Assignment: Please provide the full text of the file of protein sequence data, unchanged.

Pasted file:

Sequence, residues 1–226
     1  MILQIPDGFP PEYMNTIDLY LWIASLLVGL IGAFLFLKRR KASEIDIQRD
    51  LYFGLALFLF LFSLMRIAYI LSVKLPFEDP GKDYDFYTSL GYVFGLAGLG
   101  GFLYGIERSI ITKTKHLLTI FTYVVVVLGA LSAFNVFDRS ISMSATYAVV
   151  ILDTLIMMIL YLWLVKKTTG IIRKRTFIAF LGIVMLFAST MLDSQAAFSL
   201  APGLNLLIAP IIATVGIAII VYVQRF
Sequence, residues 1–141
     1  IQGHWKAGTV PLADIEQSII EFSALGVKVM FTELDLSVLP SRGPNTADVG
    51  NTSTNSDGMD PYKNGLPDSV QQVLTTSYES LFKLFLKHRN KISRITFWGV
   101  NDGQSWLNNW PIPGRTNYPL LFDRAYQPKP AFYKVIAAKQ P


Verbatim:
Sequence, residues 1–226
     1  MILQIPDGFP PEYMNTIDLY LWIASLLVGL IGAFLFLKRR KASEIDIQRD
    51  LYFGLALFLF LFSLMRIAYI LSVKLPFEDP GKDYDFYTSL GYVFGLAGLG
   101  GFLYGIERSI ITKTKHLLTI FTYVVVVLGA LSAFNVFDRS ISMSATYAVV
   151  ILDTLIMMIL YLWLVKKTTG IIRKRTFIAF LGIVMLFAST MLDSQAAFSL
   201  APGLNLLIAP IIATVGIAII VYVQRF
Sequence, residues 1–141
     1  IQGHWKAGTV PLADIEQSII EFSALGVKVM FTELDLSVLP SRGPNTADVG
    51  NTSTNSDGMD PYKNGLPDSV QQVLTTSYES LFKLFLKHRN KISRITFWGV
   101  NDGQSWLNNW PIPGRTNYPL LFDRAYQPKP AFYKVIAAKQ P